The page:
That serious contemplation is reportedly being given within the government to moving the budget, so Malcolm Turnbull’s plans for a double dissolution election in July can come to fruition, is a worrying indicator of desperation, if not panic, within the government.
The Prime Minister this morning said the government was “working toward” a budget date of May 10 — but pointedly did not confirm that date, leaving open the option of bringing the budget forward a week.
Moving the budget (an story first picked up by Fairfax’s James Massola weeks ago) is necessary both politically and in terms of law if there’s to be an election in early July (which will involve a long, long, long winter election campaign across most of May and all of June). The appropriation bills need to be passed before Parliament is dissolved so that the government can function into the new financial year. And presentationally there needs to be at least a small gap between the budget and calling an election.
But the budget is the key economic and fiscal policy event of the year. It’s not just another press conference or media opportunity. And it involves enormous work by ministers, their staff and public servants. Even in a good year, the process will run right up to the budget cabinet meeting that signs off on the document. In some years, there are still significant changes being made in the days before the budget. Key documents are often carted into the lockup after it is underway because they’ve been finalised and printed so late.
And this year, for the second time in three budgets, there’s a new treasurer at the helm. Worse, Scott Morrison has no experience in an economic portfolio — at least Joe Hockey went into the 2014 budget process with several years as shadow treasurer under his belt (for all the good it did him). The Assistant Treasurer is a neophyte as well. Only the reliable Finance Minister Mathias Cormann has budget experience. Not to mention this is Malcolm Turnbull’s first budget as PM, too.
Now, with two months left, the process may be shortened by a week. It doesn’t sound like much — Treasury officials can always work 20-hour days rather than 18-hour days, they can work full time over Easter rather than getting half a day off; Expenditure Review Committee can sit yet longer hours. It’s achievable if you’re planning a budget that doesn’t do a whole lot. Which, as it turns out, seems to be exactly what the government is aiming for — some fiddling at the margins of income tax to address the currently negligible problem of bracket creep (but in reality to offer voters an election bribe) and not much else in the way of actual reform.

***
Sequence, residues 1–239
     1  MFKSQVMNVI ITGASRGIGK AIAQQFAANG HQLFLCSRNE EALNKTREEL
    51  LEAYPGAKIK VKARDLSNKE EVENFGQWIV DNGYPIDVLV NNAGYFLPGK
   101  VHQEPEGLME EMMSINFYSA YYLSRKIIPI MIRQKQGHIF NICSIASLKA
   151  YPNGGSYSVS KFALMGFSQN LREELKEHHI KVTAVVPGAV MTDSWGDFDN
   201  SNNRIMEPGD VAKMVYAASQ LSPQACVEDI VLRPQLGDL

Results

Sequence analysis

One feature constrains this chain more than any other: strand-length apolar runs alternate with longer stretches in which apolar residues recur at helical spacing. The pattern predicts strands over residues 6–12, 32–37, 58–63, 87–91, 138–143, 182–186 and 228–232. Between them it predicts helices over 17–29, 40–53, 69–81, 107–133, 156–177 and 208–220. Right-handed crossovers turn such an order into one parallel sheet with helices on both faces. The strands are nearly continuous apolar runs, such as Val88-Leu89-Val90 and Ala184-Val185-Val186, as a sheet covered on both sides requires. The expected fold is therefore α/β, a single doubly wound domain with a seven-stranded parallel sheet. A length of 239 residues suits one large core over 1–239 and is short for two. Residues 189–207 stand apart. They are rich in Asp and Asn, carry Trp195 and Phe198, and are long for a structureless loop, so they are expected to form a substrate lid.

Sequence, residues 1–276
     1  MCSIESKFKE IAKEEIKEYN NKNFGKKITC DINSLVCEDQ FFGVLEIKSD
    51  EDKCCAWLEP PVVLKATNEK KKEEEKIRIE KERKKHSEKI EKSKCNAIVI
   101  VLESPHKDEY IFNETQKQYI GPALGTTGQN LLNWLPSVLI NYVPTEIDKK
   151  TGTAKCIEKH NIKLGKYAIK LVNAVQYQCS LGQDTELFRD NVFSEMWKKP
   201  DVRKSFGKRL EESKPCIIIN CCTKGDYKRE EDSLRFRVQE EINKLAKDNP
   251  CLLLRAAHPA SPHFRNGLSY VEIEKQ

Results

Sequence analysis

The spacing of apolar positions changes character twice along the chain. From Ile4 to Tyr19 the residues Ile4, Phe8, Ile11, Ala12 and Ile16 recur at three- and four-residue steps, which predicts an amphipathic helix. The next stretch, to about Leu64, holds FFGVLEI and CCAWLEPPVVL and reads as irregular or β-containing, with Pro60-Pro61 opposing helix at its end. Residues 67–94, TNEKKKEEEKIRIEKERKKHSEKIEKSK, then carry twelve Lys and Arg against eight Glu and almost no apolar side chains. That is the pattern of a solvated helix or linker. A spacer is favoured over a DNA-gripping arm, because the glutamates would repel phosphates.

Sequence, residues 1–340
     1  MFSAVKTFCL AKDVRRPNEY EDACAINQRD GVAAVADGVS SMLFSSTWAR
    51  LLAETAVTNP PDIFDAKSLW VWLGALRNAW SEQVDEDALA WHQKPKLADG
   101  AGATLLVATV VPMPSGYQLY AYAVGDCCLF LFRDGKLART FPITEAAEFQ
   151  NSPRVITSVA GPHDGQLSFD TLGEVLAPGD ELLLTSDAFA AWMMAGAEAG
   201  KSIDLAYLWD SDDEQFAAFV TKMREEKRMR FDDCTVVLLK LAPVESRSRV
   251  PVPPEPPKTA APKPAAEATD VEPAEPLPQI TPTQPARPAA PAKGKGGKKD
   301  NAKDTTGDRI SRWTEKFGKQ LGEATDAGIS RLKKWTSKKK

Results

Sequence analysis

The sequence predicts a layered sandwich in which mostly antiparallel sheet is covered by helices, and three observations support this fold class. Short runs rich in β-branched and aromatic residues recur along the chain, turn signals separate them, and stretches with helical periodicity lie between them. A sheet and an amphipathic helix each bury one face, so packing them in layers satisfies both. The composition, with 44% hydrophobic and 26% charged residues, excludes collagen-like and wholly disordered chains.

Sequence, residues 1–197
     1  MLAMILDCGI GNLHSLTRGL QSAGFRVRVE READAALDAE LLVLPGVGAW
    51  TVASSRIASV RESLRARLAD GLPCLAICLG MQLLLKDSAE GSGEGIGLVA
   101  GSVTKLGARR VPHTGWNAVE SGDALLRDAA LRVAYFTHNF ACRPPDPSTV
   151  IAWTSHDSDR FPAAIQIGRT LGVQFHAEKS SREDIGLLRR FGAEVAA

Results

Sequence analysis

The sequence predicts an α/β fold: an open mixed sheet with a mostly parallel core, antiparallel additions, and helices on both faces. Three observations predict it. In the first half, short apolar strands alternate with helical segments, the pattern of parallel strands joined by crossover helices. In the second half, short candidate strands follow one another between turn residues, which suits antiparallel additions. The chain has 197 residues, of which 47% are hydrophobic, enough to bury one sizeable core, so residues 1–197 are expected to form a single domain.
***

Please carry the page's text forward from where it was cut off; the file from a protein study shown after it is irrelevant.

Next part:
But every week the decision on timing is left unmade makes it harder for a curtailed process to produce a good budget — either in policy or political terms. Rushed decisions have a way of coming back to haunt a government — although in 2014 that turnaround time was virtually zero. Nor will it do much to bolster business and investor confidence, which relies in part on knowing that Australia’s economic policy-making process is tried, tested and effective.
Then there’s the small matter of the trigger for the double dissolution. Whatever the constitutional interpretation around the Senate failing to pass the bill restoring Australia’s very own Stasi, the Building and Construction Commission, the issue itself is likely to be quickly forgotten in an election campaign. Voters are interested in the economy, jobs, healthcare and education and, if there’s a terrorist attack somewhere, maybe national security. Trade union corruption is way down the list of issues that affect votes — and in any event voters tend to see unions and business as equally corrupt anyway. And yet, the Coalition seems convinced that it is onto a genuine winner in launching an election about the ABCC bill and, therefore, Labor’s links to the unions, as if the electorate shared its own pathological loathing of trade unions.
Given ongoing revelations about appalling and scandalous conduct by the Commonwealth Bank’s insurance arm, the prosecution of ANZ for rate-rigging and who knows what other revelations of corrupt behaviour by businesses that might emerge between now and July 2, a government obsessing about the CFMEU might not strike quite the right note with voters.
On the other hand, all this has now unofficially launched the 2016 election. From here, everything will be seen through the prism of the election, whether the government wants it or not. And it means if Turnbull decides not to go with the early July double dissolution election, there’ll be a sense of anti-climax and indecision of exactly the kind now plaguing his government — and recall that history-changing failure when Kevin Rudd’s failed to pursue a double dissolution election on the CPRS early in 2010 — which he would have handily won.
Controlling the election date is supposed to be one of the most powerful weapons of incumbency. But somehow, Malcolm Turnbull is at risk of turning it into a hindrance and a distraction. And the risk isn’t merely political, but to the key economic setpiece of the year.